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A wonderful cast but a rather dim film...
MartinHafer17 January 2010
Warning: Spoilers
This film has an amazing cast. MGM took some of its finest character actors and starred them in a film with the usually adorable Margaret O'Brien. Lionel Barrymore, Edward Arnold and Lewis Stone star as three greedy old bachelors who live in the same home. While they have amassed a fortune over the years, they also have been selfish jerks. One of them has an idea to donate some property in order to buy themselves a good name (sort of like Carnegie) but it turns out the property they want to give away actually belongs to O'Brien. And, since she's an orphan, they volunteer to be her guardians so they can give HER property away and look like great philanthropists.

There also is a goofy subplot involving fairies--led by the wonderful character actor Henry Davenport. And, since O'Brien is Irish (as evidenced by her outrageous accent), she and the little people make up much of the plot. Frankly, I absolutely hated this portion of the film and wished they'd just dropped it entirely. Instead, the story could STILL have been about sweet Margaret melting the mean old men's hearts--this would have worked. But...the "little people"?!? Sheesh! Overall, the actors try very, very hard but the silliness of the plot and the deadly earnest way they tried made me cringe. I noticed a lot of people liked this film--I guess I'm just an old grouch! I found the film horrible difficult to watch.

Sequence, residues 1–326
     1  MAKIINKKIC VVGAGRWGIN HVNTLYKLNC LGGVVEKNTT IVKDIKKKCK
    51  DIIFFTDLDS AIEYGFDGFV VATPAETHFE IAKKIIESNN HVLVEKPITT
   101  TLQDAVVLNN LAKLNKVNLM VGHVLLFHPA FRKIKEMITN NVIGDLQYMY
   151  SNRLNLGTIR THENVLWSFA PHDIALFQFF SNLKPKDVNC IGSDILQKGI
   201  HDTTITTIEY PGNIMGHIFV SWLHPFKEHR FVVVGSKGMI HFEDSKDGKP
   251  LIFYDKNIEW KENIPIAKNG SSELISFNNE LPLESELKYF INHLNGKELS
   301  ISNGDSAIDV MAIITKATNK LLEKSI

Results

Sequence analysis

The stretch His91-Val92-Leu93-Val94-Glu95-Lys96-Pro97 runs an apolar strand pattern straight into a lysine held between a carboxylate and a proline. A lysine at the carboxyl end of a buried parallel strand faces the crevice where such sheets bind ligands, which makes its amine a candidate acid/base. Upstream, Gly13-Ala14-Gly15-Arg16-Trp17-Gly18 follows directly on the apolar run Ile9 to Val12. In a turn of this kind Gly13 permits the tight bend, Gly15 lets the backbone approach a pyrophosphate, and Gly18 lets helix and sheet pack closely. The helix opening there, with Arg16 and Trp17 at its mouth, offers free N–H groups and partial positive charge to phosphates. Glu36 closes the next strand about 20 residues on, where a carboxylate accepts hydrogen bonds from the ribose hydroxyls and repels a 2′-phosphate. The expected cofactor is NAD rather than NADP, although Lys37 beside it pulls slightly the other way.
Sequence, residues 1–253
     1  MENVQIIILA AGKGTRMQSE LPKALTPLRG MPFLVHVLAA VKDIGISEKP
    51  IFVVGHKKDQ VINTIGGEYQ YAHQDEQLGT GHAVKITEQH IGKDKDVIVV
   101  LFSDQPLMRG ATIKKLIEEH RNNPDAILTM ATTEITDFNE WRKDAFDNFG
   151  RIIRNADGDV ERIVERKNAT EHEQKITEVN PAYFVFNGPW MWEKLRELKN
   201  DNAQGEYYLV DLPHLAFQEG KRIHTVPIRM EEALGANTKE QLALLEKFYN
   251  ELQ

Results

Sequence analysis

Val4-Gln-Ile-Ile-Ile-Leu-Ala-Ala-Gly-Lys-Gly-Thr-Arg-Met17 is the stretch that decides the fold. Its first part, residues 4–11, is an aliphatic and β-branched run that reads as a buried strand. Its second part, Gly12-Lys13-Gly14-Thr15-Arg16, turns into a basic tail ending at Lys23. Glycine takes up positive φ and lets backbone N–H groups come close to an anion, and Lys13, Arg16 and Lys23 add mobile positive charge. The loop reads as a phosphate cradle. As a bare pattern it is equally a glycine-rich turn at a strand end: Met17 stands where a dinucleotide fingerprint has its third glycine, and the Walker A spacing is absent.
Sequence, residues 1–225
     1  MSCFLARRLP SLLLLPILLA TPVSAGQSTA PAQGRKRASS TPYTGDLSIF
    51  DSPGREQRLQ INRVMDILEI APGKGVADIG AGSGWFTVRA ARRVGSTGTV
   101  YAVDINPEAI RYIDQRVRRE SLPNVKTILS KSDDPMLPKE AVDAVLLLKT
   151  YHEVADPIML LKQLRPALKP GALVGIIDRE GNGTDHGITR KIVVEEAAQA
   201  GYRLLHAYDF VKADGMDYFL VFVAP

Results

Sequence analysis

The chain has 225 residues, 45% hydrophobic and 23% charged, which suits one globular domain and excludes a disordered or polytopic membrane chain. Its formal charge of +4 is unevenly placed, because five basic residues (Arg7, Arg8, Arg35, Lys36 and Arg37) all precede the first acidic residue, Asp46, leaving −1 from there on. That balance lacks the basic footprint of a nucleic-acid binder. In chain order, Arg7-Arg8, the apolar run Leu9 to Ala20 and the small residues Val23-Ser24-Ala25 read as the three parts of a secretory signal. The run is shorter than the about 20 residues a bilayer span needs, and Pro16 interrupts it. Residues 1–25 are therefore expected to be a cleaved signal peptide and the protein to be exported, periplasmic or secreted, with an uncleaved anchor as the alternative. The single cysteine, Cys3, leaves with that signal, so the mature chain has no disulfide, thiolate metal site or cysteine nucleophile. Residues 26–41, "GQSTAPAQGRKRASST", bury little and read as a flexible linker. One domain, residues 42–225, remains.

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The Vidiot Reviews...
capone6668 April 2016
Three Wise Fools

Deforestation is beneficial to the Fay because it means barista jobs aplenty.

And while the fairy-tree in this fantasy isn't becoming a Starbucks, it's about to be uprooted.

Determined to leave a legacy that'll allude to their generosity, three misers (Lionel Barrymore, Edward Arnold, Lewis Stone) donate land to the university.